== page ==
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Thomas Lawler was born in Bright in 1944 and began painting at Bright Higher Elementary School under the direction of teacher/artist Peter Burns.

After researching the evidence of what had been the worst race riots in Victoria’s history, Thomas Lawler decided to paint the events on screens large enough not to be ignored.

The screens are styled around the five elements of the Chinese world – METAL, EARTH, FIRE, WOOD, and WATER. It is also important to note that the screens represent an historical time sequence from the first screen to the last.

In 1857 there were over two thousand Chinese living and mining in the Buckland Valley. On July 4th the non Chinese miners decided to evict them from the valley, blaming them for the economic downturn on the goldfields. During the first 24hours most Chinese fled the valley, three dying in the process. This figure is often disputed as being too conservative. On July 5th Robert Burke arrived with a detachment of troops to quell the riot.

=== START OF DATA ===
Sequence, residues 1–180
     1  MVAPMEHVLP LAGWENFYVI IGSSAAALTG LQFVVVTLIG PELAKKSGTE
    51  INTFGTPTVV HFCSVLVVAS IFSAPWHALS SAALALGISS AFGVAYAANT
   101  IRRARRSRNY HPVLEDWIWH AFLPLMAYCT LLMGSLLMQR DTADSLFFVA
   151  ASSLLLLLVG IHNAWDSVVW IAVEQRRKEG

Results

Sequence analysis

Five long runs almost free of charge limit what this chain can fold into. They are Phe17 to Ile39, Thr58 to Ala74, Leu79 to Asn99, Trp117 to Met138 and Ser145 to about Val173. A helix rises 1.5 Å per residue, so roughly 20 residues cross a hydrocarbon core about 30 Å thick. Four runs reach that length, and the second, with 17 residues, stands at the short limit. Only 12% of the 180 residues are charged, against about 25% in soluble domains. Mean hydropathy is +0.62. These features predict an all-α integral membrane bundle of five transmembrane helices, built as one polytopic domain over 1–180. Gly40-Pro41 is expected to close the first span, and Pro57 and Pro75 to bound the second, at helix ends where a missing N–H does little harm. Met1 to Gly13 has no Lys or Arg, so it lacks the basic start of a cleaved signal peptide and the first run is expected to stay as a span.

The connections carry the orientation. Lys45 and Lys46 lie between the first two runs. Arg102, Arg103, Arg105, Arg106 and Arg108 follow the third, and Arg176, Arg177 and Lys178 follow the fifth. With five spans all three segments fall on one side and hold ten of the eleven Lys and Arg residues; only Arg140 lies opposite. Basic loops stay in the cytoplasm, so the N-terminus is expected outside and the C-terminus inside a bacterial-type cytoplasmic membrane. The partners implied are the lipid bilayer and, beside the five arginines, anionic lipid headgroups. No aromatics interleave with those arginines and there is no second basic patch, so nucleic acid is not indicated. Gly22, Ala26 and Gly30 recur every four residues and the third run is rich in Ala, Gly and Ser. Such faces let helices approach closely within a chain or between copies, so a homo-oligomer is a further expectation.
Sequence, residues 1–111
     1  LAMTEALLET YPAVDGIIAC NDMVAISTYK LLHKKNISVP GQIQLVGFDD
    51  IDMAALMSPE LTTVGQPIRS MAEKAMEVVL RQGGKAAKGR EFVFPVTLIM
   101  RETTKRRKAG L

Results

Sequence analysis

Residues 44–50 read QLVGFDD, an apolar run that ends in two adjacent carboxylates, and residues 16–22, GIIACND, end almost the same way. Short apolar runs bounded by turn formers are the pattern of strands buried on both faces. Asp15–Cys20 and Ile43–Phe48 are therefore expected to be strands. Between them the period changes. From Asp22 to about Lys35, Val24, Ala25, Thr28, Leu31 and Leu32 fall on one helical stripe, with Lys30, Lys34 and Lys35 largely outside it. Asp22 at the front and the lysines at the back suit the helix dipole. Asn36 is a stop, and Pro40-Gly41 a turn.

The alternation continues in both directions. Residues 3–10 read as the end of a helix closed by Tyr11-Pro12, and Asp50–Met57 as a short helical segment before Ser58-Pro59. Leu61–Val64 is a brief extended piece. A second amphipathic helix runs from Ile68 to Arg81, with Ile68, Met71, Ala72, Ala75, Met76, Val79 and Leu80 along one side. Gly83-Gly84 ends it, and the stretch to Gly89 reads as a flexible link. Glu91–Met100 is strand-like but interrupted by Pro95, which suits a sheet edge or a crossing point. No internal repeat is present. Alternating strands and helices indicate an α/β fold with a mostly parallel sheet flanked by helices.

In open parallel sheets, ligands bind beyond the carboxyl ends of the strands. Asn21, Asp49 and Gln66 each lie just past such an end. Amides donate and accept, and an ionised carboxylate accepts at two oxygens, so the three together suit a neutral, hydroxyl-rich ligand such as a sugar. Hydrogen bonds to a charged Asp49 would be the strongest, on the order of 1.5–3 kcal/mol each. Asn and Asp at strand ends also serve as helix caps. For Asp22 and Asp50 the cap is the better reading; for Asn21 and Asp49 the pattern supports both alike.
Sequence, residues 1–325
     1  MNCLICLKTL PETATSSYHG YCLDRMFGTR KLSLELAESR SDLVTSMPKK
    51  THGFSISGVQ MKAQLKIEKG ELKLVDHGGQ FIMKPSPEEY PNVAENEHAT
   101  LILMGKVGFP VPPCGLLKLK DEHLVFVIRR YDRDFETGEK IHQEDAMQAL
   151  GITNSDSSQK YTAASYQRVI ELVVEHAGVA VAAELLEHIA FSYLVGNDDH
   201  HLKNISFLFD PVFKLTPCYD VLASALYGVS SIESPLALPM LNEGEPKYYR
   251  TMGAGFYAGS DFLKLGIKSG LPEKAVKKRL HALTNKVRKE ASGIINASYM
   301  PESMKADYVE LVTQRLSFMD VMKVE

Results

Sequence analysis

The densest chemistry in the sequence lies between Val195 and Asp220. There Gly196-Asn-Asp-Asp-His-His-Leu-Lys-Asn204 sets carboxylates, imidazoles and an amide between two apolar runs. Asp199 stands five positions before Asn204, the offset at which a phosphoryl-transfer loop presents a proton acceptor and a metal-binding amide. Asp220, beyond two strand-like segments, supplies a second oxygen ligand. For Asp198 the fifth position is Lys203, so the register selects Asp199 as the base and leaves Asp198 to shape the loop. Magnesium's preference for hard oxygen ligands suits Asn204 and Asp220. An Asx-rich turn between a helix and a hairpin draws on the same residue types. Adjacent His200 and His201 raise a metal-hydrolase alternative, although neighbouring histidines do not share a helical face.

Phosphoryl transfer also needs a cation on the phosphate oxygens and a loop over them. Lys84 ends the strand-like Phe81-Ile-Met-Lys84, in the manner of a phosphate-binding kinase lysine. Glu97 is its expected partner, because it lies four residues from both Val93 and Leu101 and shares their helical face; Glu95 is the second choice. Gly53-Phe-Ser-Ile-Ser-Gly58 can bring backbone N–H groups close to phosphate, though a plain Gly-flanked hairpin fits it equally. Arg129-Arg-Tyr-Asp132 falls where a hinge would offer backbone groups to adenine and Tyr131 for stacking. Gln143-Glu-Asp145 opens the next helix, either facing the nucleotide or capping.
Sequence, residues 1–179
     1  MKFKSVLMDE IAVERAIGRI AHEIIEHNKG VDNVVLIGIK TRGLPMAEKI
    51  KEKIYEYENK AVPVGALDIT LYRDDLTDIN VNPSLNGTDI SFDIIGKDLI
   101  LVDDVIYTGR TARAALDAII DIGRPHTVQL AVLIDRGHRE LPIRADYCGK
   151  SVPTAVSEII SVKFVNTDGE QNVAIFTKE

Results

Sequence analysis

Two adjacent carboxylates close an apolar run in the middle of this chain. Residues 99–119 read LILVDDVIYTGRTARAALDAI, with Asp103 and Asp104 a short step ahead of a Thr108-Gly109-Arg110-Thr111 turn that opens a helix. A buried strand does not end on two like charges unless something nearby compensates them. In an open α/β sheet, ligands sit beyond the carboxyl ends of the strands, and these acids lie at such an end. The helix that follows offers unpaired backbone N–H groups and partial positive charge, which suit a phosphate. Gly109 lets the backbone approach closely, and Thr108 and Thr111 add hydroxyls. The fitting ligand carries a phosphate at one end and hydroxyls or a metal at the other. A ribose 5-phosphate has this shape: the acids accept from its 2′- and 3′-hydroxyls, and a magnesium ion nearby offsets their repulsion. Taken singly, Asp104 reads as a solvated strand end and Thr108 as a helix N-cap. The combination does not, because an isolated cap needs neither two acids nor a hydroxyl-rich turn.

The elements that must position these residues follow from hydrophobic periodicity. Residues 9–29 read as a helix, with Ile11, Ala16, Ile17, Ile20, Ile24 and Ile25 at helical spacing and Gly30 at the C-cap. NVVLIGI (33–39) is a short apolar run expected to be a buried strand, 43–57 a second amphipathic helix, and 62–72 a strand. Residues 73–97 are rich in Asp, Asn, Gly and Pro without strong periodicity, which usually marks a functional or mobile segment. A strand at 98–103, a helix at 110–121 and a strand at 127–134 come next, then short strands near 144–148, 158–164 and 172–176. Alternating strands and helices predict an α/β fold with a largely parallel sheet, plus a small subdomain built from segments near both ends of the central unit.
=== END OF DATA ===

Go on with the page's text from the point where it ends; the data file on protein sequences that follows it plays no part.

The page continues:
The Screens were originally part of The Buckland Riots Exhibition set up in the gallery in 1988 as part of Victoria’s Bicentennial Year celebrations. Following the very successful display which ran for 5 weeks an extraordinary meeting was held to consider a public appeal to purchase the screens.

A price was negotiated with the artist for the purchase and because of their immense size were hung in the Shire Offices until a mobile frame was built for them so that the screens could be viewed at ground level as originally intended.